There’s nothing worse than a manager “stopping by” to see how you’re doing when it’s an obvious pretext for micromanaging your work. Nowadays, of course, the “stop by” has gone digital. There are oh so many ways to micromanage people in the modern world, on video, by text, chat, through Slack or Teams, and more. The irony is that while that micromanagement is completely obvious to the person being micromanaged, their manager often fools themselves into believing it was something else.
What’s also true, as much as it might be hard to believe from the recipient’s perspective, is that the manager or leader does actually care. They simply don’t know how to express it very well. Like all communication that we try to do quickly, it’s in the delivery where what started as a caring impulse turns to something demoralizing.
Here’s how to do a check-in without it feeling like you’re micromanaging.
1. First, separate your check-ins by kind. Let your team know, in advance, that there are two types of check-ins you’re going to do. Sometimes you are interested in the status of a project or task and a quick ask is necessary. Let’s call that a tactical check-in. The other type of check-in is what we can call a personal check-in. It’s about how someone is doing or feeling, it’s you actively caring about the well-being of the people on your team. By letting your team know that you’re going to do both as part of your job, you create space in their mind to let the personal check-in be just that.
2. Next, start tracking your check-ins. Now that you’re separating the tactical from the personal, it’s time to track and unpack them. If you’re like most managers you’re running at a 5:1 ratio; meaning you're doing five tactical check-ins for each one personal check-in. The goal of tracking is to get underneath the impulse to micromanage, realize what’s happening is that there’s a conversation you missed, connect with the human in front of you, and reverse that ratio. Things you’ll want to track:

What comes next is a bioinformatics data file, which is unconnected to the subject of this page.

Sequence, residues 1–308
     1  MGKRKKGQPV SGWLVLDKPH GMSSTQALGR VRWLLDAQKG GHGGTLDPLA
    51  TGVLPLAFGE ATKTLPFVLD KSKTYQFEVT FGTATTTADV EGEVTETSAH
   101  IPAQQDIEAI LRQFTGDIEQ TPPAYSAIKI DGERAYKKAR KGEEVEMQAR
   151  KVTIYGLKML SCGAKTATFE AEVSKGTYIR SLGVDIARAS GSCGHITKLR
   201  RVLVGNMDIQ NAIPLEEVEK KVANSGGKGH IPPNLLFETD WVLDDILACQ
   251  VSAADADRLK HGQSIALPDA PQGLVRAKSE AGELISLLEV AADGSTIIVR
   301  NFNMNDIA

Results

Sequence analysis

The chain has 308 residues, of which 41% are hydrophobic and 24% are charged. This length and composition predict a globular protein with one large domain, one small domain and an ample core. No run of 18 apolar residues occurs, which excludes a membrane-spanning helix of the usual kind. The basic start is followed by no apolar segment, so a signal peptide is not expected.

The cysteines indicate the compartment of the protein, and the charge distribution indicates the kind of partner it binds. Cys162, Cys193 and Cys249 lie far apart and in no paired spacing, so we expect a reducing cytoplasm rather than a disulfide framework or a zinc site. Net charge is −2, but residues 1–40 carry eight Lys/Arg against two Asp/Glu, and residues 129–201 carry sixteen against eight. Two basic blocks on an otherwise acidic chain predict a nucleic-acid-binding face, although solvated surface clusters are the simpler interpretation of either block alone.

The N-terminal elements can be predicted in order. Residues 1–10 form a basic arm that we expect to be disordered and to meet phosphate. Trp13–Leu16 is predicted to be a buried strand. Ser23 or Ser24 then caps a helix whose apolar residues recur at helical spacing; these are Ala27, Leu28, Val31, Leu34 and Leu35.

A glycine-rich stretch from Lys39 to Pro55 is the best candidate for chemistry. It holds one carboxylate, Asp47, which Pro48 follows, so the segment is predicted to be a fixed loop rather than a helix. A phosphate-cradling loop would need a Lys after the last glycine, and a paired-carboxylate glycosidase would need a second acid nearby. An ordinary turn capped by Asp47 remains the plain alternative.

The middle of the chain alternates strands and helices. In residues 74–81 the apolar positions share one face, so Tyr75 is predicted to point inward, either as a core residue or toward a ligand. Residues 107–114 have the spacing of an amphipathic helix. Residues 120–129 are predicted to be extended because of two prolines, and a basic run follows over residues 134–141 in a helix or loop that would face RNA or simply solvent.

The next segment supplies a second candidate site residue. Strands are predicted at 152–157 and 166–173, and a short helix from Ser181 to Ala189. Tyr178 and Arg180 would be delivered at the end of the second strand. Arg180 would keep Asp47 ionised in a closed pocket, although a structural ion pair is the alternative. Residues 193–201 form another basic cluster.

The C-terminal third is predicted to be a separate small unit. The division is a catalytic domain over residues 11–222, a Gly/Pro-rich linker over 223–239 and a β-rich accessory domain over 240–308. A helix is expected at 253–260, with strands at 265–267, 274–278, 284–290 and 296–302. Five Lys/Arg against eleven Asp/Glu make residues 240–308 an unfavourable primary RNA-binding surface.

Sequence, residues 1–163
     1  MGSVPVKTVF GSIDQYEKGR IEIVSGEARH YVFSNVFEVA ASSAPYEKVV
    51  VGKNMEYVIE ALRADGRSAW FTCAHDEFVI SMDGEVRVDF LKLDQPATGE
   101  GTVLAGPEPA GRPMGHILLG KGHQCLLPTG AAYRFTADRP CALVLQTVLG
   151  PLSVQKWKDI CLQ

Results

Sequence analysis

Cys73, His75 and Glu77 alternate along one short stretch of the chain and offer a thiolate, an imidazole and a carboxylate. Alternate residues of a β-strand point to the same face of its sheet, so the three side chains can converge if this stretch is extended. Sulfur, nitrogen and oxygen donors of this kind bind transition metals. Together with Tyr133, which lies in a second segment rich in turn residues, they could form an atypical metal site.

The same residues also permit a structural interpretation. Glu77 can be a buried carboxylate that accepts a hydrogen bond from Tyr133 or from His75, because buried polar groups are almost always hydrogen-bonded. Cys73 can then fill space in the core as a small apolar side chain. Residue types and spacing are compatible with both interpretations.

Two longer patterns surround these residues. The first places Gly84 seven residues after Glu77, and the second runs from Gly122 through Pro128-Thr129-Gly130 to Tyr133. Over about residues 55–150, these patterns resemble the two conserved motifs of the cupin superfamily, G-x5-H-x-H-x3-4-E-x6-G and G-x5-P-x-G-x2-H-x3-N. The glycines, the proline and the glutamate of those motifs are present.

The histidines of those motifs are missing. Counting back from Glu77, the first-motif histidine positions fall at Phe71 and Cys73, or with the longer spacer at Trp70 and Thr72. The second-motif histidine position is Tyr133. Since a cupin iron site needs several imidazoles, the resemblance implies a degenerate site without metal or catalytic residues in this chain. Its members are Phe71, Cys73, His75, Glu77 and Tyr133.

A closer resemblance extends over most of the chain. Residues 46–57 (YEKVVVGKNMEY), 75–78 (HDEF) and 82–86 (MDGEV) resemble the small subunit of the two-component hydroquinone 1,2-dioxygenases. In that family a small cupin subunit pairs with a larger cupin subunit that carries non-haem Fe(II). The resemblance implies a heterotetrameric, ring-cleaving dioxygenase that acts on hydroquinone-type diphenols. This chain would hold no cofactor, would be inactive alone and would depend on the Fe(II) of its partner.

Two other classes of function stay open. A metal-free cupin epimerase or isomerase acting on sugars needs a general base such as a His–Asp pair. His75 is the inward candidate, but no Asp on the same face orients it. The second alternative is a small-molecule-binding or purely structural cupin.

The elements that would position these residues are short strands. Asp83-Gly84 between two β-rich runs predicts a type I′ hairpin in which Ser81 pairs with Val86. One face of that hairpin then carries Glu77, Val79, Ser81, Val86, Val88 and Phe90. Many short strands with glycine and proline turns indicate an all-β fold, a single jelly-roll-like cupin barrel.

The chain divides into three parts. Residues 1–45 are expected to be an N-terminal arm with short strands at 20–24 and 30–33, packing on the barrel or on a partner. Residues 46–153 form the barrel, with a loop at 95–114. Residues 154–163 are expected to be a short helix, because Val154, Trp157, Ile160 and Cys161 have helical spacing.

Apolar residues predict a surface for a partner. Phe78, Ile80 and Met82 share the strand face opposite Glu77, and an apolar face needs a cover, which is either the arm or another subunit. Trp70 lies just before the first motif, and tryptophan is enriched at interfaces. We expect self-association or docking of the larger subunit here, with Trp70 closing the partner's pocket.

- What do I want to ask?
- Why do I feel the need to ask?
- How can I take responsibility instead?
- When am I going to talk to them about it?
Try not to cheat by immediately jumping to what you think are the right answers. Instead, use this as your own space for reflection. Once you get 4-5 real examples you’ll start to see some themes emerge. Here’s a template you can use.
3. Then, replace the stop-by with a clarify. Bring the results of your tracking to your next 1:1 and use the insights to guide you. Here’s how to structure the conversation:
- “I was about to ask you ____.”
- “I stopped myself and realized the reason I was going to ask you that was _____________.”
- “Then I realized that it’s my fault because I haven’t been clear with you about _______.”
- “From now on, I need us to agree that _________.”
4. Lastly, do the work on yourself. When you stop micromanaging people and start creating space for them to grow, you will experience an awful terrible feeling. It’s called discomfort. You’ll want to make it go away. The more you work on not micromanaging people the worse the discomfort will get. Bearing that discomfort is the price of entry to the next level of people leadership. Remember, you don’t get to feel good and grow at the same time.
Oh, and while you’re working on reducing and transforming your tactical check-ins, don’t stop the personal ones. They’re the ones that matter — building deeper trust, demonstrating vulnerability, and showing your care and curiosity for what’s going on in their world.
Now more than ever, that’s where you want to be.
P.S. If you have convinced yourself that you don’t micromanage… try the above steps for one week and see if your team responds differently. If they do, turns out you might be micromanaging without realizing it — can’t lose, right?